|Modern watercolor painting by Jackie Morris, 2006.|
The three hares is a circular motif that appears in sacred sites from the Far East to the British isles, although it is most frequently found in Europe. One of its mysteries is why it exists in such diverse locations and contexts. Even though it is most certainly religious, it is also non-denominational.
|"Window of the Three Hares" at Paderborn Cathedral, Germany.|
Image courtesy of Zefram/Wikipedia.
The symbol consists of three hares chasing each other. Only three ears are shown, as each ear is shared by two of the hares. This threefold rotational symmetry has some kind of mystical multi-cultural association shared by other types like the triskelion and the triqueta.
|From Tresbeare Farm, Devon, England.|
The triskelion is a motif of three interlocked spirals, sometimes depicted as human legs. This motif has appeared since ancient times from Mycenaean vessels, ancient coins, to Celtic art.
|Silver stater from Pamphylia (ancient Asia Minor) circa 400 BCE,|
with a triskelion to the right. Image courtesy Musee des Beaux-Arts de Lyon.
|Celtic triskelion, originally a pagan design but co-opted by the |
Christians to denote the holy trinity. Image courtesy of Wikipedia.
The triquetra is a similar symbol of threefold things, once used to refer to three-cornered shapes. It was found on rune stones and early Germanic coins. It is also a common symbol in Celtic art.
|Image of a triquetra courtesy of Wikipedia.|
The origins of the Three Hares and its original significance is uncertain, as are the reasons it appears in such diverse locations. The earliest examples are in cave temples from China from the 6th to 7th centuries. The iconography is thought to have spread through the Silk Road, and was associated with Buddhism. In China hares were auspicious symbols of peace and tranquility.
|A map of the sites where the symbol is found 600-1500 CE.|
As the symbol spread, and it has been found in Mongol sites - Mongols having controlled the Silk Road at its height, it no doubt took on different meanings as it was shared with other cultures. So the search for a general meaning is difficult, as at each site the motifs must be taken in context, and it must be determined what meaning(s) they were appropriated for.
|An Iranian tray with the motif.|
Some scholars believe that the Three Hares developed independently in England and northern Germany, since the majority of extant images come from there. In southwest England it is referred to as the "Tinners' Rabbits", which is the name of a dance involving the rotation of three, six, or nine dancers. The tin miners of this area may have adopted the symbol to use as a signature for their group, and thus it appears in local churches.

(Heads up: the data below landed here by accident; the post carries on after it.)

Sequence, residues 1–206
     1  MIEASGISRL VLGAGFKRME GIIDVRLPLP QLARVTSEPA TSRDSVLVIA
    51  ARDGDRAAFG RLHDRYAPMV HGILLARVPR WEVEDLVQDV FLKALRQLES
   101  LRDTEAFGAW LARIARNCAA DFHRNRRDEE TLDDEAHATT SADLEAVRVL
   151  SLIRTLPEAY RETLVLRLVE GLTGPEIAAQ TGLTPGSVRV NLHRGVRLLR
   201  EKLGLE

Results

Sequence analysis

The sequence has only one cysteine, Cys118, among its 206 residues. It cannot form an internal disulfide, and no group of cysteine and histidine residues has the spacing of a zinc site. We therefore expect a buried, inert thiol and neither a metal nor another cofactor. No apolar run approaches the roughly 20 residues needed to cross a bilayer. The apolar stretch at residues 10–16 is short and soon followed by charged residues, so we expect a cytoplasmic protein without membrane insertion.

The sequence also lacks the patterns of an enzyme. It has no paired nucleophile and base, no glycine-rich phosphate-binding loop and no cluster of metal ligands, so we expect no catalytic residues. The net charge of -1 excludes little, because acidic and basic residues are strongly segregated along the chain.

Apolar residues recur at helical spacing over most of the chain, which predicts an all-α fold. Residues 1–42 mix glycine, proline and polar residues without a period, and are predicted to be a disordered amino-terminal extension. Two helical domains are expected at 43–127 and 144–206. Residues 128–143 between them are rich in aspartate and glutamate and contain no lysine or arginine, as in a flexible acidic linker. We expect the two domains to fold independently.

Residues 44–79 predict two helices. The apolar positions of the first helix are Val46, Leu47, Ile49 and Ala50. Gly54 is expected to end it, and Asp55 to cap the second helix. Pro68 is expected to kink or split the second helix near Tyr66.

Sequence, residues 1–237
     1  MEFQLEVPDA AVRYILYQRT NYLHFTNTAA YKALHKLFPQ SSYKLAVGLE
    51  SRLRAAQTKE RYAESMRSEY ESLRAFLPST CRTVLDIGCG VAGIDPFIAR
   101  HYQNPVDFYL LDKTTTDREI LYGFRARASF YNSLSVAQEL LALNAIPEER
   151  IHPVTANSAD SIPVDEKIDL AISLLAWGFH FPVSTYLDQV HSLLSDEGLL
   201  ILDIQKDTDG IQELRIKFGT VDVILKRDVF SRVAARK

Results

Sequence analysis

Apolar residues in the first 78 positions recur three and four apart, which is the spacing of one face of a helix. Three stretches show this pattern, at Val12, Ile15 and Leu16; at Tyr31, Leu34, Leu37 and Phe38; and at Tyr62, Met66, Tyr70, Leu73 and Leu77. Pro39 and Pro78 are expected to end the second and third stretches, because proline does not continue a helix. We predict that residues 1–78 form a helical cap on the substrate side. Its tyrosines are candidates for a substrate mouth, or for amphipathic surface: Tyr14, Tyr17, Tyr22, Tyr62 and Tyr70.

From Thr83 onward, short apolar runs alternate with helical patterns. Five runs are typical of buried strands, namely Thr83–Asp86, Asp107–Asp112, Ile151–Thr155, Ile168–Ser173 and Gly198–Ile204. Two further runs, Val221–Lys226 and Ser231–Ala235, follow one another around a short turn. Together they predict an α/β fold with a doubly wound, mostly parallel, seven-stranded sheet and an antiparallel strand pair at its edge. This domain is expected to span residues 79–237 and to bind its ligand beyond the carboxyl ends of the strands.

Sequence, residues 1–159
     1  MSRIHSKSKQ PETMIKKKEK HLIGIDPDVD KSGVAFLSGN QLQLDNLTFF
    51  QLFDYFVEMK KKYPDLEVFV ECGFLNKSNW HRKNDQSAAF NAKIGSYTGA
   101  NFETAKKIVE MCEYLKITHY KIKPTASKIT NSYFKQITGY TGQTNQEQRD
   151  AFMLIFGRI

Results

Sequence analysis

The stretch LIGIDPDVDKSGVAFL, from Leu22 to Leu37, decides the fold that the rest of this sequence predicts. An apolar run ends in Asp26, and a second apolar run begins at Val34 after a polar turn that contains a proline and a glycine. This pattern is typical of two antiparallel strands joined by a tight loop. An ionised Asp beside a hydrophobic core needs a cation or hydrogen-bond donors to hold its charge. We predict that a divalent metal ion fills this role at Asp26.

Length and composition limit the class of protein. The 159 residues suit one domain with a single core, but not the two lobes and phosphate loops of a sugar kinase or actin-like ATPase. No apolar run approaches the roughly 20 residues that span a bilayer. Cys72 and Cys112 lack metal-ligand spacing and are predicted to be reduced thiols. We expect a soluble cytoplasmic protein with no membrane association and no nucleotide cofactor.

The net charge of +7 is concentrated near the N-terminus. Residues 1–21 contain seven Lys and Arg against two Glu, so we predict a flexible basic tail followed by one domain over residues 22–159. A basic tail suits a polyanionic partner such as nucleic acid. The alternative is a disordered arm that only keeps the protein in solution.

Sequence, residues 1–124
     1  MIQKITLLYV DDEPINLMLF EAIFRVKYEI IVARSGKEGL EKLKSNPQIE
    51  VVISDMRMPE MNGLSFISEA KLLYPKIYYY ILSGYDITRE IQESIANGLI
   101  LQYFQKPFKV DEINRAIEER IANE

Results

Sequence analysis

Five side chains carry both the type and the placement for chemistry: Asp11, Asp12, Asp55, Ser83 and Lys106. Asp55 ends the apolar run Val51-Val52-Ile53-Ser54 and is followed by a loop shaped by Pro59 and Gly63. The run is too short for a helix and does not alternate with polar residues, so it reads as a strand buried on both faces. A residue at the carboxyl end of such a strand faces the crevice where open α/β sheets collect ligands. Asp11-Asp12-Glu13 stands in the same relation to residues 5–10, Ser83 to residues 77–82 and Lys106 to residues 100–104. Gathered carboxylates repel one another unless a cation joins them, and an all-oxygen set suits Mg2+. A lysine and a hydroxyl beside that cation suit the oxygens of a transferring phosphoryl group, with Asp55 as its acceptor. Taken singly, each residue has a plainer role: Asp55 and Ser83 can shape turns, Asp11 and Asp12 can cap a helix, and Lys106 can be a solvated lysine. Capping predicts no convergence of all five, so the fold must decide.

|Example from South Tawton, Devon, Enland.|
In Europe, the motif appears in wood and stone carvings, window traceries, and stained glass in churches. In England it is usually in a prominent place. One reason that Christianity may have adopted the motif is that it was believed by many that hares were hermaphrodite and capable of reproducing without loss of virginity, thus hares could be associated with the Virgin Mary.
|A woodcut by Albrecht Dürer of the holy family with|
three hares playing at Mary's feet, 1498. Image
courtesy Staatliche Kunsthalle Karlruhe, Germany.
In Judaism, even though rabbits are non-kosher according to the Bible, they have positive symbolic connotations. Some Jewish scholars saw rabbits as a symbol of the diaspora, and three is an important number in Kabbalistic context.
|Detail from a casket from Trier, Germany.|
Hares and rabbits are manifestations of deities in many cultures, hence this symbol would be appealing. It also just may be that people were taken with the puzzle of the ears - think how much people today like M.C. Escher. Contour rivalry, the artistic technique used to create multiple visual interpretations of an image, can make an image captivating.
|From Castle Inn, Lydford, England.|
Whatever the context, wherever, the Three Hares was revered. If there is an archetypal explanation for it, it is still to be found. Perhaps the hare, considered worldwide to be a magical creature, has saved its most powerful magic for its own obscurity.
Unless otherwise noted, all images courtesy of